Zora Neale Hurston’s Gifts to Anthropology-Pt 2

Zora and Performance

I am most struck, however, by Zora’s recognition and analysis of the performative nature of Black culture. Years before performance theory was born, Zora Neale Hurston had been there and done that.   We will not find her insights, however, in the traditional scholarly publications. Zora’s discourses on the performative character of Black people are  in essays published in the then groundbreaking anthology, The New Negro edited by Nancy Cunard. There hold a wealth of analysis and interpretation of Negro/Black performativity, and are frequently overlooked.

Many academics today have come to recognize that there is significant intellectual value in having a “public voice” that reaches broader audiences beyond those attracted to our scholarly articles. The Savage Mind blog is a good example of the multiplicity of platforms available to anthropologists to speak their piece outside of the constraints of refereed journal articles.

Zora, like her contemporary Margaret Mead who wrote for RedBook, was a “cultural commentator” or what we call in today’s parlance, a “public intellectual” of the first order. Through newspaper articles and editorials, Zora shared her sociocultural observations on people and culture elevating Negro/Black life to heights worthy of contemplation and scholarly interests. Through performing plays based on her field work and writing short stories and novels greatly influenced by her ethnographic data, Zora modeled for us how to write outside the academy and build public awareness and interest in anthropology. Her deployment of different strategies to inscribe anthropology into the everyday offers us many lessons that some anthropologists have used: plays, novels, dialogic ethnographies, etc. And the language she used in these new spaces was geared to reach public audiences, which included “the folk” she studied. She wanted them to read what she wrote.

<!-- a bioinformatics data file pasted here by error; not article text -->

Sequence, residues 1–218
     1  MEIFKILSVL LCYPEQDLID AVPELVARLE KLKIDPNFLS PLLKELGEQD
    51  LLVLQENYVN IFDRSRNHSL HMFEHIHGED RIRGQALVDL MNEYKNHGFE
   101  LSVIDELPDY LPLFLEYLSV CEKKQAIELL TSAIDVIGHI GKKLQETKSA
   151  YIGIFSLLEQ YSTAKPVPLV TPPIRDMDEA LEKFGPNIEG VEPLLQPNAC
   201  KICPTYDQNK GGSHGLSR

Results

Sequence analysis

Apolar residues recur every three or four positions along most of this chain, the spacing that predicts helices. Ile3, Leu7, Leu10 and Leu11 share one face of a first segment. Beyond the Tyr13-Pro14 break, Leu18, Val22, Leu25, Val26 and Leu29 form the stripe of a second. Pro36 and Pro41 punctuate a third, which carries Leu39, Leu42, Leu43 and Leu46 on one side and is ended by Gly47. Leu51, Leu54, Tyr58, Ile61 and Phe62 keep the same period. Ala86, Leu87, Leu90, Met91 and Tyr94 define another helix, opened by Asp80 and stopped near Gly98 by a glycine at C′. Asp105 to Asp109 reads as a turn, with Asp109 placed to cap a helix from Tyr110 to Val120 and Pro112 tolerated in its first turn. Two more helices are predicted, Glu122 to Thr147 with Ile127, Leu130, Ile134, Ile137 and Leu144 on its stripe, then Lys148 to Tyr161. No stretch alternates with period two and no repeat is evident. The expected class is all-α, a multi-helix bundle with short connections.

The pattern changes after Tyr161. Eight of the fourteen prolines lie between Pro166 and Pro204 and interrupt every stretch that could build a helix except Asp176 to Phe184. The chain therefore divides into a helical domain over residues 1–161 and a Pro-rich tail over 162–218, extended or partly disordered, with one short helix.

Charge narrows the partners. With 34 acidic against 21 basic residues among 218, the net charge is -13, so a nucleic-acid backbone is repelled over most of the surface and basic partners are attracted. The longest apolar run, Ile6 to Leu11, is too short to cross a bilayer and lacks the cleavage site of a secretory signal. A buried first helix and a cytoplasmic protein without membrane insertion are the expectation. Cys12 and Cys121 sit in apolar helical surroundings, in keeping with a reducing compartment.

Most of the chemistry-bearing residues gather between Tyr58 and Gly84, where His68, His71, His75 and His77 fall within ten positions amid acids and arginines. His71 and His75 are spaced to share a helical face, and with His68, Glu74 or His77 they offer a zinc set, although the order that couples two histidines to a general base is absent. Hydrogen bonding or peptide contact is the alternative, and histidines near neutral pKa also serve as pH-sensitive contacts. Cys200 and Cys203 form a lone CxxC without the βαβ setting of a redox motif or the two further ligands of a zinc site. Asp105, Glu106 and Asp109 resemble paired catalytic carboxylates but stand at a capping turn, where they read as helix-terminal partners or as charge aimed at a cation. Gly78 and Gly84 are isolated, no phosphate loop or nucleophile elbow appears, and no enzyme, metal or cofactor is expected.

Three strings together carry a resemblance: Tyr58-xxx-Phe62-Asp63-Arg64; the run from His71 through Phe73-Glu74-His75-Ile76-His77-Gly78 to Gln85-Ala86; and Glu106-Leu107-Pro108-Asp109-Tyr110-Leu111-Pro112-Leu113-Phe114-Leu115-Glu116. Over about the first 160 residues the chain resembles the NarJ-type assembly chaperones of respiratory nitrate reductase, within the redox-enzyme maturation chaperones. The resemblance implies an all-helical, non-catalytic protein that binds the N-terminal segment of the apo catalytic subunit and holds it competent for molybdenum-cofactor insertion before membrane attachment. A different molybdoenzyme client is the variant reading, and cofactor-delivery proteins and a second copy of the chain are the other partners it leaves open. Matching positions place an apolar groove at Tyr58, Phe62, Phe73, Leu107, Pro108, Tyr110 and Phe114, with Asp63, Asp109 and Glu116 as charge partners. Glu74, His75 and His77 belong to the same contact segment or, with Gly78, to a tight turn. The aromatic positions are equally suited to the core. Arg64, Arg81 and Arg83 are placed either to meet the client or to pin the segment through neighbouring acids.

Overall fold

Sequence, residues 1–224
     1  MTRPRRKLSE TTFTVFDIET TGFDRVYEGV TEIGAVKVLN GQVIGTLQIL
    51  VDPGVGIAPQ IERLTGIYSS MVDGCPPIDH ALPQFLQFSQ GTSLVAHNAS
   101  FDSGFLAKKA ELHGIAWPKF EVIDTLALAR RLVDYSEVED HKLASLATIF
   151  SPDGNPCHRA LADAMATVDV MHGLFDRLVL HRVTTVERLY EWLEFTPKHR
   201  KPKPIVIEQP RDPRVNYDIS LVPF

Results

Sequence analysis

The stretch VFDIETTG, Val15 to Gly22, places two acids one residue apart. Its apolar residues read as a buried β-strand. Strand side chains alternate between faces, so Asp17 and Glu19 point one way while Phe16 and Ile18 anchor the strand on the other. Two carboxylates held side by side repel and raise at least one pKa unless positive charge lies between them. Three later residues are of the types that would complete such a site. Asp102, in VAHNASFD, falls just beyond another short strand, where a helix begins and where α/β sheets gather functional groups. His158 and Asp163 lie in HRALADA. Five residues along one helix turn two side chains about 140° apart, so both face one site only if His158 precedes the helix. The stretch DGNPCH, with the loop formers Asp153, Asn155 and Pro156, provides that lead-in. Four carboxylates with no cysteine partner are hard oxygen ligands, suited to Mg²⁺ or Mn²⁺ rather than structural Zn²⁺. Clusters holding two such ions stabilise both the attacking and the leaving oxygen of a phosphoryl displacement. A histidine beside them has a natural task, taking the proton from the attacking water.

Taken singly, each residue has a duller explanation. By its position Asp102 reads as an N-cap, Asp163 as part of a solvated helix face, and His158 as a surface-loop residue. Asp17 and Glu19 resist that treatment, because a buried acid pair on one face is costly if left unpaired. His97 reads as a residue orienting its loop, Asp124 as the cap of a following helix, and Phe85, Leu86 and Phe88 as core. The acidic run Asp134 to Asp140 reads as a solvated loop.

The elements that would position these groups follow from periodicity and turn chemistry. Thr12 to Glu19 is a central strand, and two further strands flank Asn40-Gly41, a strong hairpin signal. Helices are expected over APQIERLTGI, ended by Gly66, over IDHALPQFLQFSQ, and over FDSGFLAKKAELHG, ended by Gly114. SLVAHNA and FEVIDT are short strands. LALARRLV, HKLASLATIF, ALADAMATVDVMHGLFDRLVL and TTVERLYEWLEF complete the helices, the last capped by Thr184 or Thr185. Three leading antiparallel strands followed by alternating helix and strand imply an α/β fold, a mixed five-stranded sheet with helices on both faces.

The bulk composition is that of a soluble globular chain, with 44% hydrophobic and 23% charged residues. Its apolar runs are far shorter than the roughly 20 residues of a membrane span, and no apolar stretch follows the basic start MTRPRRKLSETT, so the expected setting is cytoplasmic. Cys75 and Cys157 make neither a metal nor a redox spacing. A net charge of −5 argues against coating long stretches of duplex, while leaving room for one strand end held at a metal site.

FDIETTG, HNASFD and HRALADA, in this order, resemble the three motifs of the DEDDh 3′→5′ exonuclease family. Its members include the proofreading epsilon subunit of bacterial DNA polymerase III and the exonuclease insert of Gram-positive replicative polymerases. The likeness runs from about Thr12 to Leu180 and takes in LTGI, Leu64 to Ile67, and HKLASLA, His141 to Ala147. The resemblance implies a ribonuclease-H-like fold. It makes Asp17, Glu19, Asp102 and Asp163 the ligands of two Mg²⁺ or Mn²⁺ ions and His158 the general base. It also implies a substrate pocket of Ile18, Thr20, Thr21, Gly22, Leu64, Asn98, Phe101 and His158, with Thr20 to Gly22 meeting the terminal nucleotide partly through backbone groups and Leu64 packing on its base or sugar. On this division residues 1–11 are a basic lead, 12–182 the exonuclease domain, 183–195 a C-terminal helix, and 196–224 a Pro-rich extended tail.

Anthropology-It’s Not too Late

As the struggle continues in the 21st century for the diversification of anthropology—in its departments, which are disproportionately white and male still, in the tenure game where for scholars of color the process is still a baptism by fire, in the publishing arenas where our ideas are appropriated and not cited—it will take a reframing of the field wherein the contributions of anthropologists of color and other historically marginalized or underrepresented voices are recognized and treated as foundational to the ongoing development and future of anthropology.

A good start towards radical change and a concrete way to make amends for past neglect is for anthropology to embrace Zora as a strong contributor and intellectual antecedent to humanistic anthropology. Anthropology, love is being able to say  you’re  sorry; it’s not too late. Now is the time to be transformative and honor Zora Neale Hurston as a mover and shaper of modern American anthropology. It’s about time.

Irma McClaurin

Irma McClaurin is a writer and Black feminist activist anthropologist. She has been researching Zora Neale Hurston for several years. She is the author of “Women of Belize: Gender and Change in Central America” and editor of the award-winning anthology “Black Feminist Anthropology: Theory, Politics, Praxis and Poetics.” Her career has spanned being a tenured faculty at UFlorida and UMinn, philanthropy, teaching leadership education for the U.S. government, and now working in the non-profit sector.